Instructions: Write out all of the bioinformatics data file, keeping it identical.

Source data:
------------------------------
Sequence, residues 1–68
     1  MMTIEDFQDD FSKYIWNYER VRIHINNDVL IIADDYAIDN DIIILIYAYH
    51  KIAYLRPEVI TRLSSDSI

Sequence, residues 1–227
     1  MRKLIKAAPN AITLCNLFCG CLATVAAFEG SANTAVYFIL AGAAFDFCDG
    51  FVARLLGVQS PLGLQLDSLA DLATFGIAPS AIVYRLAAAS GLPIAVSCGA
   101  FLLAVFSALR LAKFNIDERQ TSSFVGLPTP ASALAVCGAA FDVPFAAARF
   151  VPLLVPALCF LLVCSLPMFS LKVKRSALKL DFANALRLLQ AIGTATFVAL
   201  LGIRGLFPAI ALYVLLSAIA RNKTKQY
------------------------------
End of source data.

Sequence, residues 1–68
     1  MMTIEDFQDD FSKYIWNYER VRIHINNDVL IIADDYAIDN DIIILIYAYH
    51  KIAYLRPEVI TRLSSDSI

Sequence, residues 1–227
     1  MRKLIKAAPN AITLCNLFCG CLATVAAFEG SANTAVYFIL AGAAFDFCDG
    51  FVARLLGVQS PLGLQLDSLA DLATFGIAPS AIVYRLAAAS GLPIAVSCGA
   101  FLLAVFSALR LAKFNIDERQ TSSFVGLPTP ASALAVCGAA FDVPFAAARF
   151  VPLLVPALCF LLVCSLPMFS LKVKRSALKL DFANALRLLQ AIGTATFVAL
   201  LGIRGLFPAI ALYVLLSAIA RNKTKQY